Operating system authentication

If you choose Operating system authentication, you do not need to type a user name and password—the connection is made using the login name and password used to log in to the operating system. If the login used for the operating system is not a valid database login, the connection fails. Some database management systems do not support operating system authentication.

Note:

When you use operating system authentication in SQL Server, the operating system login is mapped to a database user. When you use operating system authentication in Oracle, the operating system login is prefixed with an os_authent_prefix string (by default, OPS$) and stored in the USERNAME table. The maximum number of characters allowed for the user name when connecting to the geodatabase is 30. In these specific cases, ArcGIS will place quotation marks around your user name to pass it to the database. Those quotation marks count toward the 30-character total.

Database platform and properties

The value you choose from the Database Platform drop-down list indicates the type of database to which you want to connect. The items available on the dialog box and the information that you need to provide to make the connection depend on the database platform type you choose.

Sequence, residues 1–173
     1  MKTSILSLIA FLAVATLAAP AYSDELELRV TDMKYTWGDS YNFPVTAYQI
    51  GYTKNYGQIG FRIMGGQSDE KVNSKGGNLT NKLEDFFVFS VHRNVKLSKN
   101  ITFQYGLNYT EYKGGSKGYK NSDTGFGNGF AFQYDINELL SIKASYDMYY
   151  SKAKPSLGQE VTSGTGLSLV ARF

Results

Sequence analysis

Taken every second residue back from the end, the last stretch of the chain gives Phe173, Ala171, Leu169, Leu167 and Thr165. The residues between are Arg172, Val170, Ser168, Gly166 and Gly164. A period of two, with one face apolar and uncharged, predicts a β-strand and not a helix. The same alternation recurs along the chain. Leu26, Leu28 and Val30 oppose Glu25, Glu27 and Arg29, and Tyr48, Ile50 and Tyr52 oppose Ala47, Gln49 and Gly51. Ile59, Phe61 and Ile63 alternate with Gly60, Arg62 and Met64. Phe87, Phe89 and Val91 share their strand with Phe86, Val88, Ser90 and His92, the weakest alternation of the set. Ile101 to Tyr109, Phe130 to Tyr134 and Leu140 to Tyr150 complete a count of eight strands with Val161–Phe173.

The following sections explain when to choose each database platform and what additional information is needed to connect.

ALTIBASE

Example connection ALTIBASE using default port

Choose ALTIBASE from the Database Platform drop-down list to connect to an ALTIBASE HDB database.

Provide the name of the server and the port used by your ALTIBASE database to communicate with clients in the Data source text box. Provide this information in the following format:

DSN=<server name>;PORT_NO=<port>

For example, if the server name is ahdb and the port number used to communicate with the database is 20301, type DSN=ahdb;PORT_NO=20301 in the Data source text box.

Use Database authentication, and provide a valid user name and password to connect. Operating system authentication is not supported.

Dameng

Example connecting to Dameng